Gaining SQL Server SysAdmin Access

I’ve seen this come a few times at work and I’m sure most you have experienced something similar.

Someone or an application installs SQL Server, doesn’t grant access to the DBA group and asks for DBA support.

In SQL Server 2008 and higher the built-in local administrators group is no longer automatically part of the SQL Server sysadmin role. You should add necessary logins to the sysadmin role as part of your SQL Server installation. Not automatically granting local administrators access to SQL Server is generally a good thing, however when the SQL Server installation is done by say another application then we see issues were support groups do not have access to SQL Server even though they are local administrators on the box. In the last few months I’ve seen this scenario several times and so has Argenis Fernandez (blog|twitter) as he has a helpful blog post entitled  “Think Your Windows Administrators Don’t Have Access to SQL Server 2008 by Default? Think Again.”  The post describes a technique of using the Sysinternals tool PsExec to gain SQL sysadmin access to SQL Server on which you already have local administrator access. The  post also links to a documented way of starting SQL Server in single user mode in order to gain SQL Server sysadmin access (see “Troubleshooting: Connecting to SQL Server When System Administrators Are Locked Out).” And finally the post mentions, but does not demonstrate a method of using the Windows Task Scheduler. If you’re interested in the how’s and why’s this works and how different versions of SQL Servers are well, different in security settings defaults I encourage you to give the post and comments a read.

Armed with information on how to gain SQL Server administration I looked at the various options. The psexec utility is blacklisted in my environment, blocked from download and listed as an untrusted application. The approach of starting SQL Server in single user mode requires taking SQL Server down and since the application is a quasi-production system restarting SQL Server would have to be coordinated or done after hours. So, I chose to to use the Windows Scheduler trick. This should work on Windows 2003/XP and higher and I’ve tested on Windows 2008 and Windows 7. The typical UAC things apply—you’ll need to run as administrator. The script I came up with is listed below. I figured if I’m getting a server were some other group performed the installation or configuration there’s no guarantee PowerShell will be installed, so I’m going old school Windows batch file on this. It feels wrong to post a Windows batch file  instead of a Powershell script on my blog, but I think using a batch file is the best approach for the problem. To use, save the script as AddDBA.bat and see the example syntax. The script must be run locally.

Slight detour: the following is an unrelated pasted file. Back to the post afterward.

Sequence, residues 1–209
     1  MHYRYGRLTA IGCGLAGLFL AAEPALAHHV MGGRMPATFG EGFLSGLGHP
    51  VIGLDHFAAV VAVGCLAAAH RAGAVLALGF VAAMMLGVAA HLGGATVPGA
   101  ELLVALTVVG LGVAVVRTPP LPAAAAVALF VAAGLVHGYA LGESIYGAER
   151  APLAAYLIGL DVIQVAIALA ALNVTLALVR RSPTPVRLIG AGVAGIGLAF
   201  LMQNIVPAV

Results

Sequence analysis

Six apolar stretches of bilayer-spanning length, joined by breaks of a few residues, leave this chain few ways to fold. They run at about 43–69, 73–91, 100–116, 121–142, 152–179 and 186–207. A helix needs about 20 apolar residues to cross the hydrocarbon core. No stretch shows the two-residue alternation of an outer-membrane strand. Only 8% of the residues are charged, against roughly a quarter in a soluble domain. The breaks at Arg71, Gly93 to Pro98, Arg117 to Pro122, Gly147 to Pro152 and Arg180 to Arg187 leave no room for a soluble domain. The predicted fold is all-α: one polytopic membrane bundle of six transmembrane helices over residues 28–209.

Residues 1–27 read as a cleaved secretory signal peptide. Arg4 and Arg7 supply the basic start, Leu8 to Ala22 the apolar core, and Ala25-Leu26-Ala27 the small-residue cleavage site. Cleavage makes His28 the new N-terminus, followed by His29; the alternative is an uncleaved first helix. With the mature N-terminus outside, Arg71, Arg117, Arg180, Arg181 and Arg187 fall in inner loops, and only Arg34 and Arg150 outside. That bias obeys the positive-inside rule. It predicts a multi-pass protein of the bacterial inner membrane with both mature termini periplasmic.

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@echo off
@if "%1"=="?" goto Syntax
@if "%1"==""  goto Syntax
@if "%2"==""  goto Syntax
rem **********************************
rem Script AddDBA.bat
rem Creation Date: 10/21/2011
rem Last Modified: 10/21/2011
rem Author: Chad Miller
rem ***********************************
rem Description: Adds a Windows Account to SQL Sysadmin Role
rem Use when you have local Windows admin access but lost SQL Sysadmin access
rem ***********************************
 
@echo ************************
@echo *** ServerInstance: %1
@echo ************************
set TMPFILE=%TMP%AddDBA-%RANDOM%-%TIME:~6,5%.tmp
schtasks  /Create /TN AddDBA /SC Once /ST 12:00 ^
/TR "sqlcmd -S %1 -Q \"CREATE LOGIN [%2] FROM WINDOWS; EXEC sp_addsrvrolemember [%2],[sysadmin];\" -o \"%TMPFILE%\" -e" ^
/RU "NT AUTHORITY\SYSTEM" /F
schtasks /Run /TN AddDBA
schtasks /Query /TN AddDBA /V /FO List
rem Wait 5 seconds
PING 127.0.0.1 -n 6  >NUL
rem Display output file
type %TMPFILE%
schtasks /Delete /TN AddDBA /F
goto :EXIT
 
:Syntax
@echo Syntax: AddDBA ServerInstance WindowsGroupOrLogin
@echo Example: AddDBA Z001\SQL1 Contoso\DBAGroup
goto :EXIT
 
:EXIT

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